Dealing with Minorities
In almost all countries of
the world today, there are some sorts
of minority problems. These minorities may be religious minorities, linguistic minorities, racial minorities or minorities based on some other identity. For example, India has her caste-based diversity and the castes are here arrayed in layers in a pyramid-type structure. The labouring castes lie at the bottom of this pyramid and although they form the majority in the society, they are below all others regarding economic and social rights. Pre-capitalist social systems (such as slave or feudal societies) used to appropriate surplus by suppressing the minorities. In India, there was the caste system through which the labouring masses were suppressed and surplus was extracted by using the method of extra-economic coercion. Under the capitalist system, the method of surplus extraction is different because here both labour power and the fruits of labour power are commodities. Division between minority and majority, between lower castes and upper castes and between white and black are hindrances to the universalization of labour power as a commodity. That is why the capitalist system advanced the theory of equality, fraternity and liberty. To capital, the caste, religion or race of the worker has no importance; what is important whether he can create surplus.
Within this general trend, a different tendency is observable. That is to preserve the various systems of social inequality as much as possible. If particular communities could be deprived of democratic rights and kept in a state of suppression, they could be made to work at lower wages. The USA provides an example of how identity suppression could be used within the capitalist system. This country did not have a slave-system from the beginning. The colonizing white Europeans introduced the slave system in the initial phase of establishment of the capitalist system. Subsequently, the system was abolished and the black population obtained full citizenship rights following a countrywide struggle. Now there is a small middle class among the blacks and a small capitalist class has also grown up. Barack Obama is the first black person to be elected president of the USA. But even after his election, social and political suppression of blacks continues in the USA. Recently, there has been a countrywide discontent and movement against the shooting of innocent black youths by white policemen.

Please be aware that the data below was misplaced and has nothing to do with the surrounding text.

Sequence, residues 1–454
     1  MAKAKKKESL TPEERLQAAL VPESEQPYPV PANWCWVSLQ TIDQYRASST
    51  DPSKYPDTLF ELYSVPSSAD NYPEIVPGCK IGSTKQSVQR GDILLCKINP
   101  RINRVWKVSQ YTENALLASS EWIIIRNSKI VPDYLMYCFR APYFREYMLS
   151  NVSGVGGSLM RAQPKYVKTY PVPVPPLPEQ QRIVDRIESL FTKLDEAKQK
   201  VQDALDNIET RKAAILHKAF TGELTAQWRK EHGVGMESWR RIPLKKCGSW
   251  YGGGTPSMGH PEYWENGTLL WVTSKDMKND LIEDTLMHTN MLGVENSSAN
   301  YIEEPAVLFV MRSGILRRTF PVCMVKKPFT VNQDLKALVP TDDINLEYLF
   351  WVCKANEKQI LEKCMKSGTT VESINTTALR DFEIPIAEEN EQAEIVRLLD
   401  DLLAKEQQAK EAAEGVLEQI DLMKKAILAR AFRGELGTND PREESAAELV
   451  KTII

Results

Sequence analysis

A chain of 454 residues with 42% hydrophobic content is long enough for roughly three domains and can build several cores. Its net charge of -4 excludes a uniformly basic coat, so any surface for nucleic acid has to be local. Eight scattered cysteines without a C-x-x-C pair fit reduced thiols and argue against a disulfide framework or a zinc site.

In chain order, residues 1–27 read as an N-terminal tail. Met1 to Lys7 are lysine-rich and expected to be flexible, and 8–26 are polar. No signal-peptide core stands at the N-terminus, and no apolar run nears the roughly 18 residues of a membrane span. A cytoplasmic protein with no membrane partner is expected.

According to the latest Census, there are 39 millions of blacks or African Americans in the USA, and they constitute about 12.6 percent of the population. There was a time when they lived mainly in the southern states, but now they can be found in all regions. In some large cities, they are in large numbers; for example, more than one fourth of the inhabitants of the city of New York are blacks.
The official statistics of the USA are enough to provide an understanding of the suppressed conditions of the blacks. Although constituting 12.6 percent of the population, they form 40 percent of the prisoners. It is also worth mentioning that as much as 60 percent of those who are behind bars in the USA are minorities (blacks, whites of non-European origin or Asians). This percentage is very high among the blacks. One in every three black persons serve prison terms at one time or another in his life, which implies that about 13 millions of blacks in the USA serve prison terms in some periods of their lives. Again, it has to be noted that during 1975 to 2000, the number of imprisoned people in the USA grew seven times. Those who worship the USA as the citadel of democracy find it convenient to overlook these figures. After the aggravation of the crisis of capitalism in the 1970s, the democratic rights of the people in the USA are under all-out attack, and the worst victims of suppression are the minorities including the blacks.